Table 1. Publications on Differentiation of Human Embryonic Stem Cells since 2001
Cell types Neural Cardiac Endothelial (Vascular) Hematopoietic (Blood) Pancreatic (Islet-like) Hepatic (Liver) Bone Trophoblast Multilineages Publications 8 6 2 8 2 3 1 2 9 References 61, 66, 68-73 9-11, 74-76 77, 78 79-86 87, 88 89-91 92 17, 53 16, 57, 93-99

their developmental potentials. BMPs, for example, in combination with LIF, promote the self-renewal of mouse ES cells. But in conditions that would otherwise support undifferentiated proliferation, BMPs cause rapid differentiation of human ES cells. Also, human ES cells differentiate quite readily to trophoblast, whereas mouse ES cells do so poorly, if at all. One would expect that at some level, the basic molecular mechanisms that control pluripotency would be conserved, and indeed, human and mouse ES cells share the expression of many key genes. Yet we remain remarkably ignorant about the molecular mechanisms that control pluripotency, and the nature of this remarkable cellular state has become one of the central questions of developmental biology. Of course, the other great challenge will be to continue to unravel the factors that control the differentiation of human ES cells to specific lineages, so that ES cells can fulfill their tremendous promise in basic human biology, drug screening, and transplantation medicine.

We thank Lynn Schmidt, Barbara Lewis, Sangyoon Han and Deborah J. Faupel for proofreading this report.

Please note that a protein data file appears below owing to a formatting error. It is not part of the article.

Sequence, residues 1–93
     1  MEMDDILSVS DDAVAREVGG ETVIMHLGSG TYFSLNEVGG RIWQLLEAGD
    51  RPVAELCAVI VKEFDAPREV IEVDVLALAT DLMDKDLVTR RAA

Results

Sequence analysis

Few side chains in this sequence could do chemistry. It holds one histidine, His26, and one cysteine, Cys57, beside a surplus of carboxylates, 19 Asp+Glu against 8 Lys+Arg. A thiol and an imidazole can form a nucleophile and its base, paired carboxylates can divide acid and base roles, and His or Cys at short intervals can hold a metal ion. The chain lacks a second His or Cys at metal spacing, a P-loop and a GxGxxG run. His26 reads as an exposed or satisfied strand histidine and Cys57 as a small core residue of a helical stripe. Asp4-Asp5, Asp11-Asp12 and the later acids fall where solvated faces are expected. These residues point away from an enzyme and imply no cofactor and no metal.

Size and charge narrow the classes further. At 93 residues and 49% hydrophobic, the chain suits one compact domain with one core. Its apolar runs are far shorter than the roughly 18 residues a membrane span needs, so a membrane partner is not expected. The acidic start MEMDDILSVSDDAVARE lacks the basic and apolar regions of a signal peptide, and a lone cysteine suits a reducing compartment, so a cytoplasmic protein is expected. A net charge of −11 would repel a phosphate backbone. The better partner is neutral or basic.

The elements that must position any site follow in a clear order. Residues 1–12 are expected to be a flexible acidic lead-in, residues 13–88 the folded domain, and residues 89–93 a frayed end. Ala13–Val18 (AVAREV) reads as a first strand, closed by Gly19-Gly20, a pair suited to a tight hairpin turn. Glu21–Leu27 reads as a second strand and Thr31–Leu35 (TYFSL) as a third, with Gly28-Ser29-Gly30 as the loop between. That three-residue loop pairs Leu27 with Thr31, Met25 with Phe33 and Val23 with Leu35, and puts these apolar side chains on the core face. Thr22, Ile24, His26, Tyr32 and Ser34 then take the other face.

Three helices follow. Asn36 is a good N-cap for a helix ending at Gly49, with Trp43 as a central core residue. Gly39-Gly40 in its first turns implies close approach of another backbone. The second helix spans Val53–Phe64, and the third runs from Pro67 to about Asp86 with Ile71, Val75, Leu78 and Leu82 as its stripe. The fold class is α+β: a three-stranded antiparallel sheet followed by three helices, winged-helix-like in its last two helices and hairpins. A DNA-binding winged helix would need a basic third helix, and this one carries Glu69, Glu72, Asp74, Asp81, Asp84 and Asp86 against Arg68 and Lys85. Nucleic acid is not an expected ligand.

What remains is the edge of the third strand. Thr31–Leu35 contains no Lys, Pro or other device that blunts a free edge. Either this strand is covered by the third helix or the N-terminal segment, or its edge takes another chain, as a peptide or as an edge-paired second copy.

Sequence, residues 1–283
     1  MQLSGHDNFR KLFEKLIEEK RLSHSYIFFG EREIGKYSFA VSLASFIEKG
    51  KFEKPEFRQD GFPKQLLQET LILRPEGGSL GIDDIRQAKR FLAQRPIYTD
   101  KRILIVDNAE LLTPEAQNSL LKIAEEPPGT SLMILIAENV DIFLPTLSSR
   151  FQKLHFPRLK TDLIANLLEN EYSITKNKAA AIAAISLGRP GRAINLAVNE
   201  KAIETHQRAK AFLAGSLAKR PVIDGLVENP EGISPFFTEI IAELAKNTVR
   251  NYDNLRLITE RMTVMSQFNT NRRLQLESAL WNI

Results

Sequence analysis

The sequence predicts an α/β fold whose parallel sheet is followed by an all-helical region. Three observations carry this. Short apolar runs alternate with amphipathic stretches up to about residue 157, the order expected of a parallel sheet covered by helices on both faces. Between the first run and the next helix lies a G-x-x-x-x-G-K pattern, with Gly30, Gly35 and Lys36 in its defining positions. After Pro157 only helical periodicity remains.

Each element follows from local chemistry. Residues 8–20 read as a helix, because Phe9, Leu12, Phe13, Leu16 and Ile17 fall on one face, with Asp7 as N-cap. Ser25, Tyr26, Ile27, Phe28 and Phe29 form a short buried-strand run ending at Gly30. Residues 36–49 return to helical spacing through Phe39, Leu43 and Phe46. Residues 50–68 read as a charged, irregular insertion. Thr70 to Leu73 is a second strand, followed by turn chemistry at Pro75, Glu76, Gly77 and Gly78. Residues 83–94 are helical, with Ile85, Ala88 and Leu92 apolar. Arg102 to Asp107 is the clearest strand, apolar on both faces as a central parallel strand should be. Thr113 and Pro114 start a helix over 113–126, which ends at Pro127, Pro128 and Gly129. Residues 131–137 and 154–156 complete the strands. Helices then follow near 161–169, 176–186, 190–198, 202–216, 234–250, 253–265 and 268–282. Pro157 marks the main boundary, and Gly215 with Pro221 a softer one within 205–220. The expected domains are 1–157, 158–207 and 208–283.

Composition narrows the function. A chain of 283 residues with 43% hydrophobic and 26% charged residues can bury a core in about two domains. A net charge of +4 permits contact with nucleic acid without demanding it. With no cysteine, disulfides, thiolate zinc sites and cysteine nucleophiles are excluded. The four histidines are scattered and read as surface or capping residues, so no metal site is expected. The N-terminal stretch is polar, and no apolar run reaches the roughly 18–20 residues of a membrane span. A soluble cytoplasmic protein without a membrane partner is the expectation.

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4. Hoffman DI, Zellman GL, Fair CC, et al. Cryopreserved embryos in the United States and their availability for research. Fertil Steril. 2003;79:1063-1069. 5. Thomson JA, Kalishman J, Golos TG, et al. Isolation of a primate embryonic stem cell line. Proc Natl Acad Sci USA. 1995;92:7844-7848. 6. Thomson JA, Kalishman J, Golos TG, Durning M, Harris CP, Hearn JP. Pluripotent cell lines derived from common marmoset (Callithrix jacchus) blastocysts. Biol Reprod. 1996;55:254-259. 7. Bremer S, Hartung T. The use of embryonic stem cells for regulatory developmental toxicity testing in vitro — the current status of test development. Curr Pharm Des. 2004;10:2733-2747. 8. Rolletschek A, Blyszczuk P, Wobus AM. Embryonic stem cell-derived cardiac, neuronal and pancreatic cells as model systems to study toxicological effects. Toxicol Lett. 2004;149:361-369. 9. He JQ, Ma Y, Lee Y, Thomson JA, Kamp TJ. Human embryonic stem cells develop into multiple types of cardiac myocytes: action potential characterization. Circ Res. 2003;93:32-39. 10. Mummery C, Ward-van Oostwaard D, Doevendans P, et al. Differentiation of human embryonic stem cells to cardiomyocytes: role of coculture with visceral endoderm-like cells. Circulation. 2003;107:2733-2740. 11. Vanderlaan RD, Oudit GY, Backx PH. Electrophysiological profiling of cardiomyocytes in embryonic bodies derived from human embryonic stem cells. Circ Res. 2003;93:1-3. 12. Ying QL, Nichols J, Chambers I, Smith A. BMP induction of Id proteins suppresses differentiation and sustains embryonic stem cell self-renewal in collaboration with STAT3. Cell. 2003;115:281-292. 13. Qi X, Li TG, Hao J, et al. BMP4 supports self-renewal of embryonic stem cells by inhibiting mitogen-activated protein kinase pathways. Proc Natl Acad Sci USA. 2004;101:6027-6032. 14. Daheron L, Optiz SL, Zaehres H, et al. LIF/STAT3 signaling fails to maintain self-renewal of human embryonic stem cells. Stem Cells. 2004;22:770-778. 15. Humphrey RK, Beattie GM, Lopez AD, et al. Maintenance of pluripotency in human embryonic stem cells is STAT3 independent. Stem Cells. 2004;22:522-530. 16. Pera MF, Andrade J, Houssami S, et al. Regulation of human embryonic stem cell differentiation by BMP-2 and its antagonist noggin. J Cell Sci. 2004;117:1269-1280. 17. Xu RH, Chen X, Li DS, et al. BMP4 initiates human embryonic stem cell differentiation to trophoblast. Nat Biotechnol. 2002;20:1261-1264. 18. Amit M, Carpenter MK, Inokuma MS, et al. Clonally derived human embryonic stem cell lines maintain pluripotency and proliferative potential for prolonged periods of culture. Dev Biol. 2000;227:271-278.